As shown in FIG. 1, the endotracheal tube 1 has a standard sized endotracheal tube adapter device 5 attached to its proximal end. This adapter device 5 is comprised of a male member 6 having a tubular stub extending therefrom which is intended to be inserted in the proximal end of endotracheal tube 1. The adapter device also includes a female member 8 which is connected to a second length of polyvinyl chloride tubing 9 which typically may be 25 cm in length and a lumen 3.0 mm in diameter. The presence of adapter device 5 is deemed desirable because it allows the endotracheal tube to be used with other types of standard suction and aspiration devices as well as with a source of oxygen or air should it become necessary to ventilate the infant during the course of the meconium aspiration procedure.

To form a secure connection between the proximal end of the connecting tube 9 and the calibrated collection chamber 10, a twist-lock or a luer fitting 11 may be employed. This connector, which has a male end 12 associated with the connecting tubing 9 and a female member 13 associated with the collection chamber 10 provides an easy convenient means for removably attaching the endotracheal tube to the collection chamber. When assembled in this fashion, a first communicating passage is formed between the collection chamber and the "Murphy eye" opening 17 in the distal end portion of the endotracheal tube 1.

Also in fluid communication with the collection chamber 10 is a length of polyvinyl chloride tubing 14 which typically may be approximately 27 centimeters long. Disposed along this length of polyvinyl chloride tubing is a bacterial/viral filter 15 which is intended to preclude the transfer of bacteria or viruses beyond the filter, but still permits the suction of air from the end of the endotracheal tube, through the collection chamber 10 and through the filter 15. Finally, the apparatus of the present invention includes a mouthpiece 16. This mouthpiece is secured to the proximal end of tube 14.

When fully assembled as shown in FIG. 1, complete communicating passages created from the distal end of the endotracheal tube to the collection chamber and a second communicating passage is established between the collection chamber and the mouthpiece 16. Hence, by inhaling through suction piece 16, the physician can create a vacuum in the collection chamber 10 which will cause the aspiration of meconium tainted fluid and other mucous materials from the infant through the endotracheal tube into the graduated collection chamber. The chances of infection of the attending medical technician from the meconium or from other viruses or bacteria carried by the infant are greatly reduced due to the inclusion of the bacterial/viral filter 15 located in the suction tube 14.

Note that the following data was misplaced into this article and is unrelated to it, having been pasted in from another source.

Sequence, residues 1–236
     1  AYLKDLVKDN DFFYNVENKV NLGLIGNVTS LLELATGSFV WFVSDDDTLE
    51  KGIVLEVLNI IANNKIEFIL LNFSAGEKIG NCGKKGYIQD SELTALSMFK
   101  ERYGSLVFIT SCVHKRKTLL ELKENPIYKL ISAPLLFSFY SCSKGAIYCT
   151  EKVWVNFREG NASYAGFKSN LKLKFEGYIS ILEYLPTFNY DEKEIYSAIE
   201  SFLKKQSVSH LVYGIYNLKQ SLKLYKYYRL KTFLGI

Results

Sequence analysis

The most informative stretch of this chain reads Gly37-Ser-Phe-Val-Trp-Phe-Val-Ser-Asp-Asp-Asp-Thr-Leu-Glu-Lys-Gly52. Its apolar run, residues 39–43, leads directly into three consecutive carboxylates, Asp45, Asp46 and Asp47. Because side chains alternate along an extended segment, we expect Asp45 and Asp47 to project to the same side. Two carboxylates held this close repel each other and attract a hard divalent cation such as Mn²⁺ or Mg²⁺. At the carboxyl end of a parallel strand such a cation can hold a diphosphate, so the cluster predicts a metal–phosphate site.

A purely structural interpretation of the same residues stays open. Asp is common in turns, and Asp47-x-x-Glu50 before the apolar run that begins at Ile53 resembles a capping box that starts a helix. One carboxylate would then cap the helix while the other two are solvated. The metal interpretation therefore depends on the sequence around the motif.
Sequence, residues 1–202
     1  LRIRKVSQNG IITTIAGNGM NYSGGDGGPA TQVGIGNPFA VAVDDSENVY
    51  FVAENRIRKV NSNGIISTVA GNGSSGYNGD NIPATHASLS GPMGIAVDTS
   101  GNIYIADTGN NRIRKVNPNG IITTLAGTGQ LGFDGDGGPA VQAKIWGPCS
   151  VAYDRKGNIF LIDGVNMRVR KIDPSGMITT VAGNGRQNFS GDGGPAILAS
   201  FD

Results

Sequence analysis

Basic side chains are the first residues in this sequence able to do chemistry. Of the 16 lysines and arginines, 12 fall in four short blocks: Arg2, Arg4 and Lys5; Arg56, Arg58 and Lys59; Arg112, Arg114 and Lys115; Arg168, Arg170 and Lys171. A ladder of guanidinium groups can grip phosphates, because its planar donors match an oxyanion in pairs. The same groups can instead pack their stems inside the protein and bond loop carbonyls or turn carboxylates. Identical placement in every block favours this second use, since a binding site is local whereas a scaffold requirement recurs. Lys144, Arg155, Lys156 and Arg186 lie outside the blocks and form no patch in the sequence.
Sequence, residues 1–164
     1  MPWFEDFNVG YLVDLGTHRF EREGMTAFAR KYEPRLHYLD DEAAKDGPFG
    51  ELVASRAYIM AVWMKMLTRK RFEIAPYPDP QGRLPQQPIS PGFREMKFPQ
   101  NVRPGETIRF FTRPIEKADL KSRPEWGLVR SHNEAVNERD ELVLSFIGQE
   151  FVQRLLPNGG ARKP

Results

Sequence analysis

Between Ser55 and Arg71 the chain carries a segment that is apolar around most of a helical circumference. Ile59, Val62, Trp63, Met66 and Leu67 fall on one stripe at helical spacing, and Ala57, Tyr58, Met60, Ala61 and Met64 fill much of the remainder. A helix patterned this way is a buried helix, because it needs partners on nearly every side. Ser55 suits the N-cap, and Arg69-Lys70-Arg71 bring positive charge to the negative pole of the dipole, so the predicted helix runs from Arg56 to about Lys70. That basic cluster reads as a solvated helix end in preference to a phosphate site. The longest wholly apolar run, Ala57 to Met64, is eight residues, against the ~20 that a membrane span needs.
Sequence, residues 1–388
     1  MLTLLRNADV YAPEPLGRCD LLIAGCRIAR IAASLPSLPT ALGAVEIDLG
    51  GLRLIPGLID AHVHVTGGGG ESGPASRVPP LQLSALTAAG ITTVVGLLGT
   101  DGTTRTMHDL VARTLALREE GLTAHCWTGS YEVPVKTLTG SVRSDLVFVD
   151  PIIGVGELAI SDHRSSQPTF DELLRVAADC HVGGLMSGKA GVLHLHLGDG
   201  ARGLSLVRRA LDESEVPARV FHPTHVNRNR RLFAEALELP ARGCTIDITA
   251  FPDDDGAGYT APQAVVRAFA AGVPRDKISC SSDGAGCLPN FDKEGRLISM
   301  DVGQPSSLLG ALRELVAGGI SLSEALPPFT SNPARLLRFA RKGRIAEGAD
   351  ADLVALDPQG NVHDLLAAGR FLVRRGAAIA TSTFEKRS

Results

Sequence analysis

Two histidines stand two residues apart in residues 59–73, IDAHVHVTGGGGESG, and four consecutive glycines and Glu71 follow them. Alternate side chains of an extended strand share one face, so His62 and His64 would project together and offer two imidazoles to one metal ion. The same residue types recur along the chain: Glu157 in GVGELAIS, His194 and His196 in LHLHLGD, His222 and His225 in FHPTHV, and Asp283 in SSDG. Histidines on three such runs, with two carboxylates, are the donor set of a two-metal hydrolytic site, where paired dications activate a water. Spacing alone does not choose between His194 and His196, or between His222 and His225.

This invention has been described herein in considerable detail in order to comply with the Patent Statutes and to provide those skilled in the art with the information needed to apply the novel principles and to construct and use such specialized components as are required. However, it is to be understood that the invention can be carried out by specifically different equipment and devices, and that various modifications, both as to equipment details and operating procedures, can be accomplished without departing from the scope of the invention itself.

Patent Citations
Cited PatentFiling datePublication dateApplicantTitle
US1060665 *Jul 29, 1910May 6, 1913 Catheter.
US1931720 *Jun 17, 1931Oct 24, 1933Adam Edgington AvingtonInstrument for treating infection of the pharynx and eustachian tubes and lateral fissures of the pharynx
US3169528 *May 24, 1963Feb 16, 1965Jr Harleston J HallCoronary sinus sucker
US3674404 *Aug 6, 1970Jul 4, 1972Sherwood Medical Ind IncExtruder apparatus and accumulator
US3742934 *Aug 12, 1971Jul 3, 1973Medical Dev CorpBody fluid collection bottle for pediatric use
US3776222 *Dec 23, 1971Dec 4, 1973Lurosso AFiber optic entubator and method of entubation of the trachea through the nasopharynx
US3996939 *Jul 22, 1975Dec 14, 1976National Catheter CorporationIntubation stylets
US4022219 *Jul 28, 1975May 10, 1977Edward BastaEndotracheal device
US4133656 *Feb 2, 1977Jan 9, 1979Becton, Dickinson And CompanyAnesthesiology and respiratory care systems
US4214593 *Sep 18, 1978Jul 29, 1980Mallinckrodt, Inc.Esophageal pressure monitoring device
US4228798 *May 1, 1979Oct 21, 1980Deaton David WSuction receptacle with hygroscopic filter
US4275724 *Apr 2, 1979Jun 30, 1981Barry BehrstockEndotracheal intubation device
US4300550 *Mar 7, 1980Nov 17, 1981Becton, Dickinson And CompanySuction and oxygenation catheter